I have two major goals for this upcoming school year. I am leaving the junior high after 5 years of teaching Pre-Algebra there and moving to the high school to teach Integrated 2 (aka Geometry). New school. New content. New challenges. New reasons to have a daily panic attack... NO! Just kidding. My goal is to be flexible and not let the obstacles that I will surely face overwhelm me. Is it going to be hard? For sure. Will I feel like it's my first year teaching all over again? Probably. But I have survived that before!

My second goal has already been set in motion with this blog post! I want to...

Be Inspired.
Be Challenged. 

and...make friends. 

I want to do all of these things both in person with the teachers in my building and district, and well as through social media and online outlets like Twitter and blogging. There is a whole world of FREE personal development and growth opportunities that I am not fully taking advantage of. Well folks, I think it's about time to...

Tuesday, August 1, 2017

Making the Most of Math Warm Ups

"Make sure you have a great opener every day!"

"Don't forget you are expected to do a Bell Ringer every day!"

"You need to have students working on some kind of bell work as soon as the bell rings!"

We hear it over and over again. And for years I followed directions and made sure that students always had something to work on. But the more I thought about it, the more I realized how much these "bell work" problems were disjointed from my units, unconnected from the days lesson, and seemingly worthless in the eyes of students. Usually, the problem was chosen by me 5 minutes before class started and was short and quick so that I could check the "bell work" box and move on to the good stuff.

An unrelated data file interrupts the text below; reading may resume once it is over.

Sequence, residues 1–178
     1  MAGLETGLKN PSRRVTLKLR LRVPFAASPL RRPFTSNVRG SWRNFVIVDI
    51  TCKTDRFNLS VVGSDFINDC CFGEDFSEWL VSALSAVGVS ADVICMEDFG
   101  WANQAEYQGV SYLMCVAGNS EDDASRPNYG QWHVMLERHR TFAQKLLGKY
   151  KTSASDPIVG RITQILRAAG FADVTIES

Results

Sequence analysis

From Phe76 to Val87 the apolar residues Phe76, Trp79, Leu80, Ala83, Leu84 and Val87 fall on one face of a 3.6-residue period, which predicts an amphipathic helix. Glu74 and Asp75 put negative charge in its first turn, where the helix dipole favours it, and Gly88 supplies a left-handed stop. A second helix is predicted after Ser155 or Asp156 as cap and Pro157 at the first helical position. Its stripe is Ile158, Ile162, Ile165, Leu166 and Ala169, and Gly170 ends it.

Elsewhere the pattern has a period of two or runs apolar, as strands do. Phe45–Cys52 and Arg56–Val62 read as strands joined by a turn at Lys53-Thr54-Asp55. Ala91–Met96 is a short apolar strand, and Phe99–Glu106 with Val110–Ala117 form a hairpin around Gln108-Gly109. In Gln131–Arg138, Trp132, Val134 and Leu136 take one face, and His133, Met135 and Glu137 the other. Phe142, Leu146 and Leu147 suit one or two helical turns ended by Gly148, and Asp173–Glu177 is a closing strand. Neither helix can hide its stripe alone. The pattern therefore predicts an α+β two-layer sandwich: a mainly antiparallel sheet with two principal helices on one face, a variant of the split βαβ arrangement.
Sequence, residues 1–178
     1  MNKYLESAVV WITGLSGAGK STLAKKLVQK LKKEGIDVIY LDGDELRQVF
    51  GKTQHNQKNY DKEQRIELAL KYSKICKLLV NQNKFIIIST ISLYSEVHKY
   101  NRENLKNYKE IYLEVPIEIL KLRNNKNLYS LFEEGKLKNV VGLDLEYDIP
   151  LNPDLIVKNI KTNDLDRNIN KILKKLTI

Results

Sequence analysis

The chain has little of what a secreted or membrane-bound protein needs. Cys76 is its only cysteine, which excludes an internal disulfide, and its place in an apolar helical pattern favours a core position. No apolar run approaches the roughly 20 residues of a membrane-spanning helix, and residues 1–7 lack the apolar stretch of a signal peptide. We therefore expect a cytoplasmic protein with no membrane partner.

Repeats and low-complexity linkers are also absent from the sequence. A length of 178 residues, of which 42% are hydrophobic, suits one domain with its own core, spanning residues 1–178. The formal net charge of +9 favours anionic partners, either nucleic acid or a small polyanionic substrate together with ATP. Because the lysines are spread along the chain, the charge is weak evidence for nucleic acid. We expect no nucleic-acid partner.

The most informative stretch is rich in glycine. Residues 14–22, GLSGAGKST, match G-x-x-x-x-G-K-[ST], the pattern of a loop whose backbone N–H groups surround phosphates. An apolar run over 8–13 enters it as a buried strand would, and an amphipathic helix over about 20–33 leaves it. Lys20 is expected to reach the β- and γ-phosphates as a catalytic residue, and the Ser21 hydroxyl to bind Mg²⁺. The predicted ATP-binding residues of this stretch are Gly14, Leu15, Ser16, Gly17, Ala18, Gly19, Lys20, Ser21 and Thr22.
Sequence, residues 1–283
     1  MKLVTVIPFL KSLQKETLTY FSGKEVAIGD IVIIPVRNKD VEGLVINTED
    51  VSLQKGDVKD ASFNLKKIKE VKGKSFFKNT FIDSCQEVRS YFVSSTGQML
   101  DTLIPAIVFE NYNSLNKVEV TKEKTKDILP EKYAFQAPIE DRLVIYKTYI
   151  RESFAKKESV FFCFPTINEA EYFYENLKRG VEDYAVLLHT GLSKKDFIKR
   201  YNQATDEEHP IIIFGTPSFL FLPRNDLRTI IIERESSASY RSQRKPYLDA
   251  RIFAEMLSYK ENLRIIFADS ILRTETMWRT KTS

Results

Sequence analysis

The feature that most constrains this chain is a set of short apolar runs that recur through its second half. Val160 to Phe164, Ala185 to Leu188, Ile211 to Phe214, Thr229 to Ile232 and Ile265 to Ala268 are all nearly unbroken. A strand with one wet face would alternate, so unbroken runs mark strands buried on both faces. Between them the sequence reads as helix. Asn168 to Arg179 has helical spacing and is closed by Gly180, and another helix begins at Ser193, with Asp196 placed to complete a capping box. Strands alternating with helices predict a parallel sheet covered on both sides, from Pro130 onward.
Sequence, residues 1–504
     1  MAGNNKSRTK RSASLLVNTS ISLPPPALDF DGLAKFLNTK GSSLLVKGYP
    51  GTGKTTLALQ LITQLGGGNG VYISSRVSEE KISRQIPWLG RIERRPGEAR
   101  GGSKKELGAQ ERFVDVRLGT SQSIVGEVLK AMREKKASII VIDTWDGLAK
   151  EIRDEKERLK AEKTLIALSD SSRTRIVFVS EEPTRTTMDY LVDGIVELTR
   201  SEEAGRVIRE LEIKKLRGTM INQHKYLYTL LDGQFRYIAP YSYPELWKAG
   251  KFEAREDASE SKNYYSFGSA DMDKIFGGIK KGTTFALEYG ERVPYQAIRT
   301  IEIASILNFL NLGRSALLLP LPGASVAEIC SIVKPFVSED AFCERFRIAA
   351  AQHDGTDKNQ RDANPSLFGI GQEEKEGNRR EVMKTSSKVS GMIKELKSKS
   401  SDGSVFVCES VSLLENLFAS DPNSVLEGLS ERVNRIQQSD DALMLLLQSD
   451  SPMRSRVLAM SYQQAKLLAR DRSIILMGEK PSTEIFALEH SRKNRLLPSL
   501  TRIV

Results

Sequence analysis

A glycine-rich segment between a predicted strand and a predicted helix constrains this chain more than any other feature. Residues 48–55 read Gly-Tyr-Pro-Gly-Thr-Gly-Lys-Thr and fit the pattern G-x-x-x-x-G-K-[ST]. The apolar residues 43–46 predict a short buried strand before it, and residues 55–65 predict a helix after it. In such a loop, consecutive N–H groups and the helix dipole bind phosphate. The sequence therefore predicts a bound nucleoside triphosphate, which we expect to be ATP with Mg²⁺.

Oh how times have changed. 

The first major change to my bell work system was adding in some STRUCTURE to our day to day bell work. Each day serves a different purpose now, and helps me better choose what problems I am selecting so that I cover a wide variety of learning styles, outcomes, and solving strategies. 

Here is what our week looks like now:

Monday is for open minded thinking and a quick but effective discussion on multiple representations and most efficient representations. To do this, the problem selected needs to allow students to model their thinking in many different ways. After giving students time to model, I choose certain representations, in a certain order, with a certain purpose to be presented to the class. I was really inspired by the book "5 Practices for Orchestrating Productive Mathematical Discussions" by Margaret Smith and Mary Kay Stein. 

Image result for 5 best practices for mathematical discussions

The book focuses on ANTICIPATING, MONITORING, SELECTING, SEQUENCING, and CONNECTING. If you haven't read this book yet, you need to!

Here is an example of a problem we would do on Mondays:
No matter whether you like the new SBAC Common Core Test or not, the fact of the matter is that our kids have to take it. They have to. And I need to find a way to prepare them for the test with out getting overwhelmed. In the past, we have spent some time after Spring Break "practicing" for this test, and it's boring, monotonous, and absolutely dreadful to teach. Students hate it. And I can't say it's super effective. The problem is that the format of this test is a little different. The content isn't necessarily outrageously difficult, but the WAY that students have to answer problems and how students respond to the questions is kind of funky. And for that reason, I feel we NEED to have exposure to some of these types of problems. 

On Tuesdays, I pull grade level appropriate questions from the SBAC practice test. We focus on the content to some extent, but mostly focus on HOW to answer the question. Is it multiple choice? Are you being asked to select more than one answer that is correct? Is it open ended with lots of possible answers? Do you need to drag and drop items into an answer frame? How do you graph that line on the computer?